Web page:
Adhering to the unwritten rule that every acoustic troubadour must record a break-up album, Jon Allen's second effort, Sweet Defeat, sees the Hampshire-born singer/songwriter pour his heart out on 11 intimate acoustic tracks which further develop the early-'70s Americana sound of his 2009 D.I.Y. word of mouth debut Dead Man's Suit. Blessed with a whiskey-soaked set of lungs, part Rod Stewart, part Kelly Jones, the Radio2 favorite doesn't need to do much to convince listeners of his bar-propping credentials, as evident on the Eagles-esque country-rock opener "Joanna," the steel guitar-led shuffling blues of "Lucky, I Guess," and the gentle melancholy of "Broken Town." But as heartfelt and melodic as the poignant, fingerpicking folk of "Last Orders," the Simon & Garfunkel-esque "Here Tonight," and the stripped-back guitar-twanging "Think of You" are, Allen only begins to set himself apart from the plethora of similar young British aficionados of retro West Coast rock when he pursues a sound closer to home. "Love's Made a Fool Out of Me" is a gorgeous slice of yearning, Paul McCartney-esque pop, which could well be an homage to the Beatle who founded the LIPA college Allen graduated from; "No One Gets Out of Here Alive" opens with some somber piano chords before turning into a ballsy and rousing nu-folk anthem: while the title track echoes the blue-eyed soul of James Morrison with its gospel backing vocals, swirling Hammond organs, and triumphant brass section. By unashamedly wearing its influences on its sleeve, Sweet Defeat often runs the risk of becoming nothing more than an authentic pastiche, but while it might not push any musical boundaries, it's still a charming and achingly honest affair which continues to position the U.K. as the unlikely current hotbed of Americana talent.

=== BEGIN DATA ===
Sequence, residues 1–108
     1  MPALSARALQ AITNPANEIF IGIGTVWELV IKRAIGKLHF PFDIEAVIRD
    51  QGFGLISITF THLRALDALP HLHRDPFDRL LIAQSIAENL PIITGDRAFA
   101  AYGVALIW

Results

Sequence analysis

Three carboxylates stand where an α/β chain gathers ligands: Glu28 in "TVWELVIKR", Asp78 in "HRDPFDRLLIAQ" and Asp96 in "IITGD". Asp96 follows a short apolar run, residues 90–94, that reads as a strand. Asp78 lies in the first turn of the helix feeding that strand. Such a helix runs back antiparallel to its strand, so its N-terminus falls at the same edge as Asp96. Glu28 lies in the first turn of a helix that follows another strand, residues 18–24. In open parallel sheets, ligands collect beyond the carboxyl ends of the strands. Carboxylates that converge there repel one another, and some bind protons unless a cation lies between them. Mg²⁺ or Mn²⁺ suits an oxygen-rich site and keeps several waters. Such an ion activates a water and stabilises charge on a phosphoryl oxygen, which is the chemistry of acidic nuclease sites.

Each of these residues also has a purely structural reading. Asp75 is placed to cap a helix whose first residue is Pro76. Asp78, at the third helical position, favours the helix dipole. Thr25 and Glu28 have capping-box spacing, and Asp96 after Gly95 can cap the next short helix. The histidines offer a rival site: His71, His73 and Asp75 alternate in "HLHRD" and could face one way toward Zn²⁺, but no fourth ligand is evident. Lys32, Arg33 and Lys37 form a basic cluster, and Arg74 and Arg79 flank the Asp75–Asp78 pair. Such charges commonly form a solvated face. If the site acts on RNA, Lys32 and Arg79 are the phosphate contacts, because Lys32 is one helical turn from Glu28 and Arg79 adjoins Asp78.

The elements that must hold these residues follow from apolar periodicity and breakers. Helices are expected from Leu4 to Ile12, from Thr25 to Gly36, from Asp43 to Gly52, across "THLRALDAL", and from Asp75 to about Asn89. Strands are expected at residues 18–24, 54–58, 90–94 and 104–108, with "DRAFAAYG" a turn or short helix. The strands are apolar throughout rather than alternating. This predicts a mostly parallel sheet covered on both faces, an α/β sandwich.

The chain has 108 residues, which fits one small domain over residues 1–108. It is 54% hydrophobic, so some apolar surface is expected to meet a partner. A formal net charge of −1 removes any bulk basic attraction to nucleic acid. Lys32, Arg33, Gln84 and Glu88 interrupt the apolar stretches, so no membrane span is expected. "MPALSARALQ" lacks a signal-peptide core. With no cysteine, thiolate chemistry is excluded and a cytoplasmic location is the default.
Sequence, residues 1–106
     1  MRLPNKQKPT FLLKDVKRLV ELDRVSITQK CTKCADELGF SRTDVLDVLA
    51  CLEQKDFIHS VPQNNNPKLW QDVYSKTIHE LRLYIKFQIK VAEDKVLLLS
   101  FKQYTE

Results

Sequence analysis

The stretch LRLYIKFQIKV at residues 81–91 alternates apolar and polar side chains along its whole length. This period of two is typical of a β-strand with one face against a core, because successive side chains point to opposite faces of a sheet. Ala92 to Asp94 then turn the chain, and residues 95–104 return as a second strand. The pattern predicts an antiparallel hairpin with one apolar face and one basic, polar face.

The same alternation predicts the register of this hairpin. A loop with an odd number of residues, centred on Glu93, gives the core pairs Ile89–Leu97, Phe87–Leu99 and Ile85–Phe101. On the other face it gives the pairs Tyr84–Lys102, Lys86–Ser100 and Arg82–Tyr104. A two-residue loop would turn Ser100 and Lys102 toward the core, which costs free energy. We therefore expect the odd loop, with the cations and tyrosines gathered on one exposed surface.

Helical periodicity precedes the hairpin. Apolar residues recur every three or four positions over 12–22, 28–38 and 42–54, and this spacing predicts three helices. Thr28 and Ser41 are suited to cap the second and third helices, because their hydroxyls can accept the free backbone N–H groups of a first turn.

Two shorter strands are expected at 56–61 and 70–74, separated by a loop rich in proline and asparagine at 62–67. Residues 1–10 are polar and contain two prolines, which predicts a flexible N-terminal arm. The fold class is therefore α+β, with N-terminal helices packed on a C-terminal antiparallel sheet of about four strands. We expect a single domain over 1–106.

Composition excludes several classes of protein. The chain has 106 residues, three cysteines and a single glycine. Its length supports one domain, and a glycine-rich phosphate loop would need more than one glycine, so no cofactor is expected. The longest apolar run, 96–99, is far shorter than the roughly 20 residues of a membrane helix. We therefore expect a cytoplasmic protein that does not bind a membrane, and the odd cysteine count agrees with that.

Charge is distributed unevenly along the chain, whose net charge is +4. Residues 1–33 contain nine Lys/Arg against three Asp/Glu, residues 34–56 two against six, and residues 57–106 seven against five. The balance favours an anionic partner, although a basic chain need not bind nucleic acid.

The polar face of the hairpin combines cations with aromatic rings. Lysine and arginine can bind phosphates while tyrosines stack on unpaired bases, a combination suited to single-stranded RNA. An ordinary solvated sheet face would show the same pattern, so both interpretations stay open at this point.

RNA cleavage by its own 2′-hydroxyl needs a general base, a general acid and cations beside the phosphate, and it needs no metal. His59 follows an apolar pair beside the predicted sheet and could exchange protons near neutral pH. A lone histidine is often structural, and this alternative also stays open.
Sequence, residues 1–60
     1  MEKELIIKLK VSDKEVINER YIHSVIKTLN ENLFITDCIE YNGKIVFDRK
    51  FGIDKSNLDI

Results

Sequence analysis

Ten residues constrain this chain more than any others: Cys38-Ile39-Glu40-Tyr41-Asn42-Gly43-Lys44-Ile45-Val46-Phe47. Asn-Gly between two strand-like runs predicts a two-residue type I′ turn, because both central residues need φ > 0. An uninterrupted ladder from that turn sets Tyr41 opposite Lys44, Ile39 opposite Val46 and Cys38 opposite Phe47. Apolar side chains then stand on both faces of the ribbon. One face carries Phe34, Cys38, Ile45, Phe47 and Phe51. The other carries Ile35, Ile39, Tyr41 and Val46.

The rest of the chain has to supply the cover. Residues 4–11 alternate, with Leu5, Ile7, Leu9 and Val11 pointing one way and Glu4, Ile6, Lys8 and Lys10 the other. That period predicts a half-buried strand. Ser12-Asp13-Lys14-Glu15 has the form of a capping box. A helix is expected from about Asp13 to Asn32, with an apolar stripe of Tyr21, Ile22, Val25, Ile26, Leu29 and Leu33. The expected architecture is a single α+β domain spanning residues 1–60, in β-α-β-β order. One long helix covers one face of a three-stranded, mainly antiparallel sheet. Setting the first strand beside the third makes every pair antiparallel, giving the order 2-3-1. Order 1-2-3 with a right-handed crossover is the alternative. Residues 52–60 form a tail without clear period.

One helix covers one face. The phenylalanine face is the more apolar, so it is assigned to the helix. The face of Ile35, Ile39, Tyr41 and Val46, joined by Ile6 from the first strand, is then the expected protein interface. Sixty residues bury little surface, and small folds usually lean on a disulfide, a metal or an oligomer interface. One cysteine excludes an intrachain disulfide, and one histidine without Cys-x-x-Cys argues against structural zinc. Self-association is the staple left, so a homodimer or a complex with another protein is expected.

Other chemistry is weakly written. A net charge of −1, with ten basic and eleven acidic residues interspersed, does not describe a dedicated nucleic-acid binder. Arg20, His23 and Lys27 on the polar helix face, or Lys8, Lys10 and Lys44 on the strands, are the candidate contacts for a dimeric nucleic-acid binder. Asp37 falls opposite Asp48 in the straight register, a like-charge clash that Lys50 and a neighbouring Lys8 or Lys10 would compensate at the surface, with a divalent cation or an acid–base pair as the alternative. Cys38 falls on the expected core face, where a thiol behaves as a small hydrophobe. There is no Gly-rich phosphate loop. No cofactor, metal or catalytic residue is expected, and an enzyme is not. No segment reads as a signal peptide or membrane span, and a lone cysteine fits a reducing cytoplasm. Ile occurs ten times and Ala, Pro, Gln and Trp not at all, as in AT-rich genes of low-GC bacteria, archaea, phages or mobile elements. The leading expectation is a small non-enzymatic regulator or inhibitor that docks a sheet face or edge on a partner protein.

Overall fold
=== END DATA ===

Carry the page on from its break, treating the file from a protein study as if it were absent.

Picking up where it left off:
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AllMusic Review by Jon O'Brien